I said, "I really think he's doing alright. It may not look like it, but I've been watching him the whole way, and he's doing what he needs to do to be as safe as possible."
And then we did that thing where we were kind and respectful, but sort of talked in circles, saying a lot of I-know-but's, before we each went on our way. During which time His Highness finally caught up to me, and we had our own little heart-to-heart where I told him he had some important choices to make, the first of which was whether he wanted to enjoy the rest of our jog, or be miserable. And that I would let him be miserable, but we were going to finish our route either way and I hoped he would choose instead to have a nice time.
And guess what? He chose to ride down that hill SO FAST, and we saw a bird that was SO BIG, and it was flying right down by the houses (we Googled it later and found it was a turkey vulture), and we got to take a detour because our normal path is under construction, and we had a really nice (if chilly) time the whole way back home.
Still, my conversation with the well-meaning and kind lady, who didn't have the whole story, did make me think a little. I evaluated. I weighed. I re-played. And this is what I saw:
--When I told His Highness to stop and wait to cross, he stopped at the crosswalk and waited until the oncoming car waved him across.
--He was either on the sidewalk or hugging the curb at every point. No lolling about in the middle of the road. Yes some cars came thru, but they passed by without incident.
--He slowed for the trash truck and looked at the driver. I was telling him to come on, but he waited for the driver to wave him across.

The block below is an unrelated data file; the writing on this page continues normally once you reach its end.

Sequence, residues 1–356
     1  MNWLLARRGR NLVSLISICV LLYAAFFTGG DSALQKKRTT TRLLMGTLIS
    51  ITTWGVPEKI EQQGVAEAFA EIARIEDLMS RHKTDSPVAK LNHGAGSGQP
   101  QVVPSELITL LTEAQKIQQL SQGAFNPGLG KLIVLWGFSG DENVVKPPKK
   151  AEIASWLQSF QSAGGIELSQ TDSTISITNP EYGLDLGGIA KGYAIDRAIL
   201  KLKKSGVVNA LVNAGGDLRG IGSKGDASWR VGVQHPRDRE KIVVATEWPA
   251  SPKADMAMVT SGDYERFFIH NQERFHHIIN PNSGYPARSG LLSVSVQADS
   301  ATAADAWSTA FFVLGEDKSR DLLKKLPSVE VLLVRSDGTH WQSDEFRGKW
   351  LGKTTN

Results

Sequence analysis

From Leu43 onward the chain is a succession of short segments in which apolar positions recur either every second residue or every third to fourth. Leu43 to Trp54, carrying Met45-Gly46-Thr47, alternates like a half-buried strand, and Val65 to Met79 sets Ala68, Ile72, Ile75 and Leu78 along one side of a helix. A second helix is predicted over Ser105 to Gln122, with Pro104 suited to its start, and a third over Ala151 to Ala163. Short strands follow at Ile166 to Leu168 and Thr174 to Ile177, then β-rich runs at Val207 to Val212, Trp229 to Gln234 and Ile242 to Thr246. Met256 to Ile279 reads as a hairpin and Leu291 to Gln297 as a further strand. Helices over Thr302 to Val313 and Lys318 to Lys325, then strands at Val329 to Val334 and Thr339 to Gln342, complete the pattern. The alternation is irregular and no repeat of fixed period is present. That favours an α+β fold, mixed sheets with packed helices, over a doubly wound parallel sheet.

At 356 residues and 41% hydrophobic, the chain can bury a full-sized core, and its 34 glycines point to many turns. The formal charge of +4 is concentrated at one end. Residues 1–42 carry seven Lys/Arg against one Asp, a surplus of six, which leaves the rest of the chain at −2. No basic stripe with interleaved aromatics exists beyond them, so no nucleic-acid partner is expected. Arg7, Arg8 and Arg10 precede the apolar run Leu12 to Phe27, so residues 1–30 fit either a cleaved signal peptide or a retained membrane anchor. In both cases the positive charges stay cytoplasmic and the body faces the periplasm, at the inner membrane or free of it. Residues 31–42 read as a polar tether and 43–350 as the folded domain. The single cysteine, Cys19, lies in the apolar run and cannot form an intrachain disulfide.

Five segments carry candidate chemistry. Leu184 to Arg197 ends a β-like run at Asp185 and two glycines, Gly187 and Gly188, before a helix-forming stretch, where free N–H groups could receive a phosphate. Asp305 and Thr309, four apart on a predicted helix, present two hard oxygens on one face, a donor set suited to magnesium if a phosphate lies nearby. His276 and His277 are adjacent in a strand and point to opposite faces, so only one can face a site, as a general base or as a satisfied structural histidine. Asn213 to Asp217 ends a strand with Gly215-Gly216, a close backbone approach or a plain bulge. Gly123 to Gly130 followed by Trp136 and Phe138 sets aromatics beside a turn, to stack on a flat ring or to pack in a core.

I told him these things in our heart-to-heart moment. I said, "Look, fussing aside, you're doing a really good and safe job on this ride. You're screaming like a madman and probably making the neighbors wonder what on earth I'm doing to be so mean, but you're watching for cars, and being careful when you cross, and I'm proud of you for that."
And of course he responded, "You ARE a mean mommy!"
I said, "Well yeah, it's kind of my job!"
And it may or may not sound like it, but we were back on good terms. He took off down the hill and all his aches and pains (and limb boredom--does this just happen in my family??) disappeared, which I had suspected would happen, but was still just a little bit relieved to see it in actuality.
To the lady in the car, thank you for caring about my kid, and thank you for not overstepping bounds after talking with me. I'm not sure what you or I might have done about it anyway, but thank you just the same.
I say all of this partly to write down a great moment. There are many crazy, overwhelming, bad-tempered, unkind, screwed-up, wrong call moments, so it's nice when I have a good one.
I also say it as an encouragement to all of us who are making decisions as best we can with the info we have. Rest assured, we're rarely flippant or arbitrary. We try to be calm, but that doesn't mean we're not aware.